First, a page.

Synology DS920+ Product Brief

Its been a few years plus that the DS918+ has graced us with its 4-bay splendor and how it quickly became a hit with users. With the added advantage of having M.2 onboard it eliminated the expense of needing to add an additional M.2. SSD adapter card. Well finally, the upgrade is here! Following similar Synology product methodology and patterns, the DS920+ (launched 2020) had the most minimal of upgrades. The 4-bay has been rejuvenated with a new Processor, the Intel Celeron J4125 Quad-Core processor at 2.0GHz, which can burst up to 2.7GHz. This does have a decent turn of performance to the previous generation on the DS918+. Careful though, you can mistake the old with the new very easily, suffice the labels and the processor. So look closely before ordering.

The frontal aspect of the Synology DS920+ houses the tool-less design four 3.5″ drive bays. These then depict the total “terabyte” we can install, which currently it’s 16TB drives that will give us a gross capacity of 64TB. These are also housed in hot-swap bays, so removal and replacement is easy.

DS920+ Memory Upgrades

While we are discussing the changes, it does appear the DS920+ also has a new motherboard, one that supports the new processor with its corresponding chipset, but lets not get too bogged down with this. The change has also affected the way memory is installed, it’s positioning has shifted. The DS920+ comes with 4GB so only one more strip of 4GB can be installed – and this is now accessible via the HDD bay. Quite simple and no fuss.

As we are talking memory, one needs to be aware Synology does frown upon any third-party upgrades, aside from using their memory it seems. This may seem to many as being unscrupulous, but Synology does have a point. Many users can be rather mindless and purchase much lower quality memory modules that not only hamper compatibility but can also corrupt data. Should this occur, the same user will protest profusely at how awful the NAS is and how data was lost. Memory in a NAS is sensitive and hence if a manufacturer is providing warranty then guidance should be sought. The only other alternative is to buy from a reseller with extensive expertise in integration of NAS devices to guide with the quality of memory to use.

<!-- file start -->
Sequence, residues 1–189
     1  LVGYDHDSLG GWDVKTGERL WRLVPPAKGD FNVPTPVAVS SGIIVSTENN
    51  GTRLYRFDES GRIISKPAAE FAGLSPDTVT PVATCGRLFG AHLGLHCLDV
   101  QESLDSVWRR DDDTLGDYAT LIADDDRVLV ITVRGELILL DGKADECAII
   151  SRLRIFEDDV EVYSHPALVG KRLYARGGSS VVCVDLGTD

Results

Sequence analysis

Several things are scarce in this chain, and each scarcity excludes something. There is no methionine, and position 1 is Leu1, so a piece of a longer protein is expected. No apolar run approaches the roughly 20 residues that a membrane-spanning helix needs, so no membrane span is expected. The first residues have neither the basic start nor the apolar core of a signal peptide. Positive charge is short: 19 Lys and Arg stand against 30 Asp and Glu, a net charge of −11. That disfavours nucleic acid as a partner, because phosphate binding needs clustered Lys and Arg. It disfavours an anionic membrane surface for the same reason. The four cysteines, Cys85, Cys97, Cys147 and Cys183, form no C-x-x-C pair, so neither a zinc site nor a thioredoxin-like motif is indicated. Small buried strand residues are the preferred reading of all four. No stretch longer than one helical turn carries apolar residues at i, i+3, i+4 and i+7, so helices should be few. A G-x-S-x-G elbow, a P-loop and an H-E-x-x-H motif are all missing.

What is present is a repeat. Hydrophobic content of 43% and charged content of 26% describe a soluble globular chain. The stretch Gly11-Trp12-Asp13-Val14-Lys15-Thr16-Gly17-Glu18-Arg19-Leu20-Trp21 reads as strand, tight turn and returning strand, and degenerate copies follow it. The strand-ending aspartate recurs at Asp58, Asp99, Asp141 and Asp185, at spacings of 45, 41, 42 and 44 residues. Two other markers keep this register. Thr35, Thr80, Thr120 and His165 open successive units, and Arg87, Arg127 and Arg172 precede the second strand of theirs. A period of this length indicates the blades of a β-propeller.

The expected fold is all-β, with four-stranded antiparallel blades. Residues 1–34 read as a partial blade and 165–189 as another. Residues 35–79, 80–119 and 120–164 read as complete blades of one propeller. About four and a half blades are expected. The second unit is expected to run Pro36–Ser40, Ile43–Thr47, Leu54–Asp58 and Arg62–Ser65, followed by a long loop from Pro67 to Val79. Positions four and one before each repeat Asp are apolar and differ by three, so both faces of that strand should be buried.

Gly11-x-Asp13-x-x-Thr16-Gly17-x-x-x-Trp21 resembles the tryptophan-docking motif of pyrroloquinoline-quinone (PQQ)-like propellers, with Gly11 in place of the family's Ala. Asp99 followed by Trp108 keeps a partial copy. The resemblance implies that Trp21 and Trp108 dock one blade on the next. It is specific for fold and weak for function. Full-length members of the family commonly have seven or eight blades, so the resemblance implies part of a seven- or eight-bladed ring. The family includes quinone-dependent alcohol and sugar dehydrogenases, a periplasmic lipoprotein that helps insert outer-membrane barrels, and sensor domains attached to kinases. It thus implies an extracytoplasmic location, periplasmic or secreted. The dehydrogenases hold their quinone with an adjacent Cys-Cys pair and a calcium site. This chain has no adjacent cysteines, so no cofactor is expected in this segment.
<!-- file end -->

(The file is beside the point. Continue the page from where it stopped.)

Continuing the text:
DS920+ RAM upgrade slot
DS920+’s only RAM expansion slot

Accessories included inside the box:

  • Quick Installation Guide
  • AC Power Cord
  • AC Power Brick (100W)
  • 2 x RJ-45 LAN Cables
  • 1 x Package Head Screws for 2.5″ HDD’s
  • Keys for Tray Lock

The View From the Back

At the back of the unit, aside from the relocation of the Kensington Security Slot and access to cooling fans, no other notable feature changes can be seen.

DS920+ rear view

Having recently reviewed the QNAP TS-453D, which is a direct competitor to the DS920+, it appears Synology has once again overlooked a major opportunity to vindicate it’s loyal use base by eliminating the 2.5GbE or 10GbE option. Now the QNAP does have 2.5GbE which is a great boost to home and small business users with the advent of switches supporting this standard being launched now it was an opportunity Synology should have grasped.

The NAS industry is moving swiftly to incorporate 2.5GbE, and the cost of the chip between 1GbE and 2.5GbE is so small, to insert a pair and backward compatibility with 1GbE would have not made a huge difference really!

This is a major omission and one buyers must take seriously when comparing, and its not the first time Synology has messed up.

Synology DS920+

In stock and shipping now!
SYNOLOGY DS920+ Diskless 4-BAY High Productivity NAS available now at SimplyNAS

Thankfully the NVMe x 2 slots are still prevalent. These cannot be used as a volume mind you, only as caching. So don’t go getting any bright ideas about using M.2 for volume provisioning.